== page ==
The Captain's report, as given by Benton, further states that on April 16, 1813, two men were killed, one wounded and eight horses stolen by the Indians eight miles northwest of Vallonia. Ketcham in his autobiography says that this happened in the Flinn settlement near Leesville. One of the men killed was a Mr. Guthrie, the other, reported killed, was a Mr. Flinn, who was captured, but escaped and made his way back in the fall of 1814.27 Burcham tells of the great alarm caused by the news and how all the neighbors sought refuge in his father's fort. Captain John Tipton, according to his journal, followed the Indians for three days with thirty-one men. But a surprise was prevented by the premature firing by one of the advance guards. Ketcham relates that Tipton was so angry over this that he wept like a child and was tempted to tomahawk the offending person.

  • 26 The hundredth anniversary of the battle ot Tipton's Island was celebrated by a sham battle and the erection of a monument on the site of the battle about Iwo miles north of Seymour. The thousand-dollar monument was contributed by Tipton S. Blist, of Seymour, a descendant of General Tipton. For a fuller account, see the IndianapolisHews, June 14,1913. See also Indiana Magazine of History, December, 1913.
  • 27 Brownstown Banner, July 15,1874.

Ketcham also relates that in the spring of 1813, four companies of mounted rangers were authorized by the general government to be organized at Lawrenceburg, Madison, Charleston, and Vincennes. The Charleston company, commanded by Captain James Bigger, was made up mainly at that place but was recruited at Vallonia by ten or twelve men who had been shut up in blockhouses and forts in the fork of White river for more than a year. Ketcham was the orderly sergeant of the company. The companies of Captain Bigger, and of Captain Williamson Dunn from Madison, which had collected at Vallonia about the middle of June, went, under General Joseph Bartholomew, to the upper Indian towns on the West Fork of White river. During the-two years service that followed, the only encounter was at Strawtown in Hamilton county. Ketcham described the battle and told of the wounding of David Hayes. He was carried on a horse litter to the mouth of Flatrock above Columbus where two canoes were made to carry him to Vallonia, where his wife and family were; but he died soon after reaching there.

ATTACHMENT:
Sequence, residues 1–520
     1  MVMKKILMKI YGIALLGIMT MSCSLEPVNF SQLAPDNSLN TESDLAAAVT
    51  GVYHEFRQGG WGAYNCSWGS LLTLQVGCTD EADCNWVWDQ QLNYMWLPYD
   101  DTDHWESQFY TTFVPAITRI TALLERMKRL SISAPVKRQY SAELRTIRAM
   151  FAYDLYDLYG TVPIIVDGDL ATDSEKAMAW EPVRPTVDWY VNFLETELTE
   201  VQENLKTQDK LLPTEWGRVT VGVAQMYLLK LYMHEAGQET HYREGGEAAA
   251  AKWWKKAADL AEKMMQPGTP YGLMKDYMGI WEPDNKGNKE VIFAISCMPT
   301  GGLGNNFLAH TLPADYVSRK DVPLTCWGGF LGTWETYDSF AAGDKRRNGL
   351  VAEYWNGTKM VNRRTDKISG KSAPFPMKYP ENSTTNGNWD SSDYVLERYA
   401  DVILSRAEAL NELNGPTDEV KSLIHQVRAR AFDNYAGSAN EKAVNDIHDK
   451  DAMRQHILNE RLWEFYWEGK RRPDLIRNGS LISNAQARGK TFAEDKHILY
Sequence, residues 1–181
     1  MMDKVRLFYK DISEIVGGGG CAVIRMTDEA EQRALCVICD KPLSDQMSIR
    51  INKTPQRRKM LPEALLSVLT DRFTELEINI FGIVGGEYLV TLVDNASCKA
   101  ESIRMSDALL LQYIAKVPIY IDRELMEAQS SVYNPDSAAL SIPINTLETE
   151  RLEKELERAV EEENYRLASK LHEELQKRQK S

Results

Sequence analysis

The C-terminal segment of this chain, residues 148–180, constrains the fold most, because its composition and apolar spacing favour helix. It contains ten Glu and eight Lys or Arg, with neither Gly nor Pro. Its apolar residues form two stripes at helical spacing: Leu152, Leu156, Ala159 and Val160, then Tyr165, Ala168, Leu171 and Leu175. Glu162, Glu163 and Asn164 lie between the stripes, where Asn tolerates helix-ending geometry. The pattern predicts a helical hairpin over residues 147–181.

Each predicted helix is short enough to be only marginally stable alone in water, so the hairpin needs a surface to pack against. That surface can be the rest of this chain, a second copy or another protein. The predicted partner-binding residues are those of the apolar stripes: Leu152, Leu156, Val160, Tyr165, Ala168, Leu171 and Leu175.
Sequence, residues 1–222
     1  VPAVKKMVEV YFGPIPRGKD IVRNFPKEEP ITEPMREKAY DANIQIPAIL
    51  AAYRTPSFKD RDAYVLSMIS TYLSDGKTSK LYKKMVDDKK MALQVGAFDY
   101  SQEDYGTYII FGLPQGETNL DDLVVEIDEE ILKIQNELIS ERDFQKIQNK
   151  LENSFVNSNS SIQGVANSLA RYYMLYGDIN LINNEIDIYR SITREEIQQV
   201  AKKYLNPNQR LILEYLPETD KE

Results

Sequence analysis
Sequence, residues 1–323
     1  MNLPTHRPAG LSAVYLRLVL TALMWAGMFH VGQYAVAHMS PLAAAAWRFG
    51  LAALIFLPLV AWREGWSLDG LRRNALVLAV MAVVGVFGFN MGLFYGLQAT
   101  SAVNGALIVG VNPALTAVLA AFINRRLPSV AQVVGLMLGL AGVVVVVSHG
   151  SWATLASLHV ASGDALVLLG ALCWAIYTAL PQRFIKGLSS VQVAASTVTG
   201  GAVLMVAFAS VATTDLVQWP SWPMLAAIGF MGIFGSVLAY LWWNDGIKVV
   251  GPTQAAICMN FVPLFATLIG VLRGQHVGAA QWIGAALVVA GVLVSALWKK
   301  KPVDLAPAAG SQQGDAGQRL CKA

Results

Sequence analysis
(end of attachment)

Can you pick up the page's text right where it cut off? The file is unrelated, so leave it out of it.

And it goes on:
According to Benton, the son of Hayes, George W., contests with Ewing Durham the distinction of being the first white child born in the county. Both were born in the fort in January 1812. Ewing Durham was born January 3, 1812, but Hayes could not tell the exact date of his birth which leaves the matter in doubt.28 Another authority claims that Catharine Miller, daughter of Abraham Miller, was the first, being born in 1811.

A considerable number of peaceful Indians remained in Jackson county after 1813, the stockades at Vallonia and the neighboring places continued to be kept up until 1814, and the settlers were careful to avoid surprises.29 Burcham says that the settlers kept soldiers in the field during the summer and fall of 1814. Captain Bigger was still in command at Vallonia and different families kept from one to five soldiers as they were able.